If you are the author of a blog, you will be criticized. If you own and run an ice cream shop, you will be criticized. If you invent a time-machine, you will be criticized. There will always be someone who is critical of you and your work. The point is to accept that you will be criticized and keep doing your thing. Do not let it deter you from your cause. There is no doubt this is much easier said than done. I struggle with this myself. But if you identify it as something worthwhile, and are deliberate about getting better at it, then it can be done.

One way to approach this is through 360-degree feedback. If you are not familiar with 360-degree feedback, google it real quick, it’s not a hard concept to learn. The thing about 360-degree feedback is you get feedback from peers and subordinates. This is probably the most difficult feedback to accept for people. But if you do it enough and force yourself to evaluate what people tell you, you will grow thick skin and will certainly be able to take feedback from random strangers or customers.

Deliberate Leadership

Francis is a widely considered a good leader. His peers agree, and he is relatively successful at work. Every morning Francis goes to the gym, has a good workout, and gets to work early. He says hello to his people and sits down at his computer to check email and to see what the day has in store. He responds to a few late emails, adds additional tasks to his growing list, and starts to work from the top of the list.
Like many of us, Francis is not very deliberate in his approach to his daily work life, which means he is not able to practice deliberate leadership. He is almost entirely reactive and is only working to keep his head above water. Many of us are very familiar with this life. We have seen it before. Whether in our own lives or in the lives of our peers.
What do you do about it? You must change your frame of mind. From reactionary to deliberate. The difference is like being pulled by unknown forces in an unknown direction (reactionary) to purposefully deciding what direction to go in and taking action to support that decision. Once this frame of mind has been adjusted, you will stop feeling like you are in a boat without a paddle, but will feel like you have a new engine and can do what you want. You will feel empowered and in control.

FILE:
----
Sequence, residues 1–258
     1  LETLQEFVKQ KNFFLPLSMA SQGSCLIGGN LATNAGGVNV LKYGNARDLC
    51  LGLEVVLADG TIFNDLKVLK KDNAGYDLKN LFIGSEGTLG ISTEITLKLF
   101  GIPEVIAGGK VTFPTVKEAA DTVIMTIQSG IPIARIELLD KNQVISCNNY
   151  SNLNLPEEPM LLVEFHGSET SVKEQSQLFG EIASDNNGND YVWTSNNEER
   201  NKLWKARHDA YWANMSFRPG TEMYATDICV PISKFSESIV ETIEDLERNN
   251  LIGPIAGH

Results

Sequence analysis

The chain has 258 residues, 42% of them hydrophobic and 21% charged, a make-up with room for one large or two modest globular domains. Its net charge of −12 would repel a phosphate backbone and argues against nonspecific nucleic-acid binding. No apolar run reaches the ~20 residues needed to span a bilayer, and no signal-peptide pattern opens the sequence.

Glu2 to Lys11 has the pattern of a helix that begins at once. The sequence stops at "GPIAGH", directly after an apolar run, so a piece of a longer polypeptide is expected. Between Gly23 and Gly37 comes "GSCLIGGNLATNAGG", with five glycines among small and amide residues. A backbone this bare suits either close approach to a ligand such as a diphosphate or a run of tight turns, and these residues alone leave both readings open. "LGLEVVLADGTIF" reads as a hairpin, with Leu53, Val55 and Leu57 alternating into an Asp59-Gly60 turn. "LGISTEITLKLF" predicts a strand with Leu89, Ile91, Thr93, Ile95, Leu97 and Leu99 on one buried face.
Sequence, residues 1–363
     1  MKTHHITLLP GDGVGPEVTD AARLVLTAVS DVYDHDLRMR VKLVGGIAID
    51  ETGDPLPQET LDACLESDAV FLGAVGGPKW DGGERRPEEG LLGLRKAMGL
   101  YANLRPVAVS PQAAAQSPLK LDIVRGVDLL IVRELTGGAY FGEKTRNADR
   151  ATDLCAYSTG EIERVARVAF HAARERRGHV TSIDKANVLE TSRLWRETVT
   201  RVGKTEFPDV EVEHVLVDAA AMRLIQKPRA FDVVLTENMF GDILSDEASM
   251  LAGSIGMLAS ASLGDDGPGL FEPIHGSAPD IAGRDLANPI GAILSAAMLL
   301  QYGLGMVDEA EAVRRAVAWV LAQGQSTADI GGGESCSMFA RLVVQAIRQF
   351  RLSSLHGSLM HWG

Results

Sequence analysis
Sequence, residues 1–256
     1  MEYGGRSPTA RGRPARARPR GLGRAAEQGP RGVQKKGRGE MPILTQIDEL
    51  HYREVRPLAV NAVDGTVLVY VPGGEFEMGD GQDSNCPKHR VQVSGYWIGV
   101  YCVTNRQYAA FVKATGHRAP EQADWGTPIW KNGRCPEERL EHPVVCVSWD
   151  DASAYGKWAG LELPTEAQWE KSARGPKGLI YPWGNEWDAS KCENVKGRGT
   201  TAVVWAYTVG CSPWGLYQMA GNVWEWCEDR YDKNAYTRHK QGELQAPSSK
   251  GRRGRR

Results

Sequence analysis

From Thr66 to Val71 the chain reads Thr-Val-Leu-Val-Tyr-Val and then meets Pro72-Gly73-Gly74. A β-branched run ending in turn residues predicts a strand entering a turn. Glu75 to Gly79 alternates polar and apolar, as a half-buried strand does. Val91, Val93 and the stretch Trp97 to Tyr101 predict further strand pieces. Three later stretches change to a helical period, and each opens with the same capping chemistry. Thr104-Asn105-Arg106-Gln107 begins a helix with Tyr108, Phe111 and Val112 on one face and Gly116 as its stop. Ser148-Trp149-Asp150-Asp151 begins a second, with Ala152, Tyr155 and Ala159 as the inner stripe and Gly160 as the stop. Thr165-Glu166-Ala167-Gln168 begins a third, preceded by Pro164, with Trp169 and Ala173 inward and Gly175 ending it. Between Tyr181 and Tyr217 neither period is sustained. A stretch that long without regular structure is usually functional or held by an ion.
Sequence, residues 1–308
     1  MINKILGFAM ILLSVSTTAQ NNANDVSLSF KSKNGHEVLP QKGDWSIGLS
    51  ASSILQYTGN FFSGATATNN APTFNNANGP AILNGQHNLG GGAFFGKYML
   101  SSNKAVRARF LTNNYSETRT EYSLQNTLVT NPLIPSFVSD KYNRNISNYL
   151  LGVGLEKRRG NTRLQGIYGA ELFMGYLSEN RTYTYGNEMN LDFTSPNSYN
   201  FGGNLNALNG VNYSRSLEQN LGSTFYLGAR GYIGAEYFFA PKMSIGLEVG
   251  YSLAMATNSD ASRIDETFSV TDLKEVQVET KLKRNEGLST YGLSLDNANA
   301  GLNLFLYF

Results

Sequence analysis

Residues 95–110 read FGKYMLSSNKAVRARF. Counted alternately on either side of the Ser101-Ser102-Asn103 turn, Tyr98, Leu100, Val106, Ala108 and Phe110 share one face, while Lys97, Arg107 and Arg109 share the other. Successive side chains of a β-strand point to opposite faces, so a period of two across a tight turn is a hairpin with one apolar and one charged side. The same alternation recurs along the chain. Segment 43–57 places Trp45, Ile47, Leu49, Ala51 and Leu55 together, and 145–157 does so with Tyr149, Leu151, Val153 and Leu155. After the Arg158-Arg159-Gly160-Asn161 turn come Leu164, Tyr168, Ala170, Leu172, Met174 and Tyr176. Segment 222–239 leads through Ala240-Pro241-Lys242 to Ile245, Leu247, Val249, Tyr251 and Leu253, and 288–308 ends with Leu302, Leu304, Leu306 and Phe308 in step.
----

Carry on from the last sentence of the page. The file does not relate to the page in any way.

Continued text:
One of the keys to this is to communicate. Communicate with your key team members. They are essential to determining the vision of your organization or section. Once you have developed a vision or mission, talk to your boss, so she knows your vision and direction. You must get the green-light from the leader of the organization because she is responsible for the overall performance of the organization and will want to ensure your vision is in line and supports the organization’s vision.
The best way to get started is to dedicate a certain amount of time to focus and work extra hard to clear your plate of all work and projects. You will want a clean slate to start. Once you have a relatively clean slate, you will be able to have the flexibility to work different things that are aligned with your new vision. Create goals and a strategy to be able to reach your new vision. The goals and strategy are a must to get the team on the same page. Finally, communicate with everyone as much as possible. Your people should be very familiar with the strategy, vision, and goals. Take every opportunity to reinforce your message.
Being deliberate means taking control of the organization or whatever piece you can control and not letting it determine everything you do. You must take control and deliberately develop your employees. You must deliberately drive the culture of the organization. Take small, deliberate steps. Your people will follow if it is important and they know “why” you are doing it. The “why” of your efforts must be a good reason.